Consent and the Capacity to Consent in Sexual Assault Cases


In the state of Nebraska, any unwanted sexual contact can result in criminal charges. A sexual assault conviction can be devastating to your career and your future. In fact, a sexual assault charge by itself can even cause severe damage to your reputation. One of the biggest issues in sexual assault cases, and rightfully so, is consent and the capacity to consent. Understanding the role that consent plays in these cases can help you to avoid an unwarranted sex assault charge in the future.

Consent in Sexual Assault Cases

Consent is not considered a defense or a factor when the alleged sexual contact occurs with a child. On the other hand, consent always plays a role in sexual assault cases that involve adults. If a victim does not consent to sexual contact and it occurs, it’s a crime in the state of Nebraska. In cases where verbal exchanges are acknowledged (both parties agree that one person said: “Yes. I want to have sex,” or “No. I don’t want to have sex”), it is easy to determine if there is consent or a lack thereof. If there is no clear verbal agreement, then you must look at other aspects of the encounter.

Assuming that an adult has the capacity to consent, that consent can manifest itself in a number of ways. One of the most common ways somebody consents to sexual contact is by physical reciprocation. If an adult has the capacity to consent and actively engages in sexual contact, that will usually be considered consent. The opposite is also true: if a person physically resists sexual contact, that indicates a lack of consent in sexual assault cases.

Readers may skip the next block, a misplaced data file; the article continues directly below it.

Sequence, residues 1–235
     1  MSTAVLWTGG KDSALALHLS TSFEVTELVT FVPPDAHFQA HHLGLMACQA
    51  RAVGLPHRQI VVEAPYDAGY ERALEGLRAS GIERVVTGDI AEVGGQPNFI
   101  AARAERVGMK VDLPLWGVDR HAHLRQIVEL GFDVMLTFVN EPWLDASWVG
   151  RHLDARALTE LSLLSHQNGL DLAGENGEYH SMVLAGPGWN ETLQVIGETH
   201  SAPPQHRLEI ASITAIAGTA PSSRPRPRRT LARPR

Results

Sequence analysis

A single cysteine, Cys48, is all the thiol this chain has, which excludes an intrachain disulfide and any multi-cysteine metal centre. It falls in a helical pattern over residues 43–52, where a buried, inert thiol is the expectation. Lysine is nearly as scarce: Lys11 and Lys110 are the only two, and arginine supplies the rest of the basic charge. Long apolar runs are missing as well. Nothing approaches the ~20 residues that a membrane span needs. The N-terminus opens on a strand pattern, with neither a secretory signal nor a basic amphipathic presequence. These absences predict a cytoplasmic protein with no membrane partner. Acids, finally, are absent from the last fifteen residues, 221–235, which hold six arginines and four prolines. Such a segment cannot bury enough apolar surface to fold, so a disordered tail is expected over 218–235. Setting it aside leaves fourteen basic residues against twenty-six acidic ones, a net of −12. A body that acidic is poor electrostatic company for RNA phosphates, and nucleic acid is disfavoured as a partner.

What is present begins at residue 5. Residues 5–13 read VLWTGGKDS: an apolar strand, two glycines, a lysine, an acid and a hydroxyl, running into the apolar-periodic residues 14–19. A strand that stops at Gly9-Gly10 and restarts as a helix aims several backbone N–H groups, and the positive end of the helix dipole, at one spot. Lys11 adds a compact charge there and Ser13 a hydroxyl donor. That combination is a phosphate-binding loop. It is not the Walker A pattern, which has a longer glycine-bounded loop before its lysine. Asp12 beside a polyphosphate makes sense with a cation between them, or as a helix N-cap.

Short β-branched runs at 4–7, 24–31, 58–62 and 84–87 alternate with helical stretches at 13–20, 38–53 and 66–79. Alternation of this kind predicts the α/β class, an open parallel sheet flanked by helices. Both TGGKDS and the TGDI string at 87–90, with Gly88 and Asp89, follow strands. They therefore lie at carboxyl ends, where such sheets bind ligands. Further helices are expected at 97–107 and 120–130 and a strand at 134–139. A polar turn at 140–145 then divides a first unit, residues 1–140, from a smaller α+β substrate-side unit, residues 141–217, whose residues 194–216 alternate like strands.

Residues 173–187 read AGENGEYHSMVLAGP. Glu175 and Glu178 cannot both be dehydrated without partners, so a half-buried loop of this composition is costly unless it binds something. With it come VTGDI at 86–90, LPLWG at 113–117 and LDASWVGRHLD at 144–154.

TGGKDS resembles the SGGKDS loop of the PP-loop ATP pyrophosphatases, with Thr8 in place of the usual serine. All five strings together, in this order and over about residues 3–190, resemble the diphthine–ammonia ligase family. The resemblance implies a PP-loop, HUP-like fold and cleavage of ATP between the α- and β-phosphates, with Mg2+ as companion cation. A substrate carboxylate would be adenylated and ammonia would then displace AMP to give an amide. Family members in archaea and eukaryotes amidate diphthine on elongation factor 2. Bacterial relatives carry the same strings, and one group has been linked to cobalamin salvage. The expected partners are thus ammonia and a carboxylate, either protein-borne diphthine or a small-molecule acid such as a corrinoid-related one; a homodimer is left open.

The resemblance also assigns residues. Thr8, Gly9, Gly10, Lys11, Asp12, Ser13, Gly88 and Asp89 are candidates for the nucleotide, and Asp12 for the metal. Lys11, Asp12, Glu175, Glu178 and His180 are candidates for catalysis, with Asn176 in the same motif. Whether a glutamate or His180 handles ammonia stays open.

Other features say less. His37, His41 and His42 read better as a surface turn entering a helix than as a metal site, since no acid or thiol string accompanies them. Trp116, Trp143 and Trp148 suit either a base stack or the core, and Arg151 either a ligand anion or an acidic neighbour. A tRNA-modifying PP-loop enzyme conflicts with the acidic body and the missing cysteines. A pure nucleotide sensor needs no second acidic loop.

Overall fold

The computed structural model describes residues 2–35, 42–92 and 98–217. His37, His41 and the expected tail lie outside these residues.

The Capacity to Consent

While children are considered unable to consent, Nebraska state law takes into account an adult’s inherent capacity to consent in matters that could be considered sexual assault allegations. An intoxicated person, even if normally able to consent to sexual contact, may not be able to affirmatively consent if they have had to much to drink. Mentally handicapped persons are also considered unable to affirmatively consent to sexual contact. What that generally means is that although somebody intoxicated or somebody who has a mental handicap may expressly indicate or act as if they want to engage in sexual conduct or a sexual relationship, the law indicates that the intoxication or the intellectual disability does not allow them to consent to sexual activity.

For example, let’s say a couple who has been dating for a number of years goes to a New Year’s Eve party. At the party, the husband or the wife gets severely intoxicated. For this example, let’s say it’s the wife. Even though those two people may have engaged in sexual contact many times in the past, this situation could result in criminal charges if the wife were so inebriated that she couldn’t consent to sexual contact, even though she has consented to sexual contact many times in the past. Again, intoxication or some other mental capacity can strip a person’s ability to consent to sexual contact. The fact that there was previous sexual contact or the fact that the couple is in a relationship has no bearing on whether criminal charges will be filed.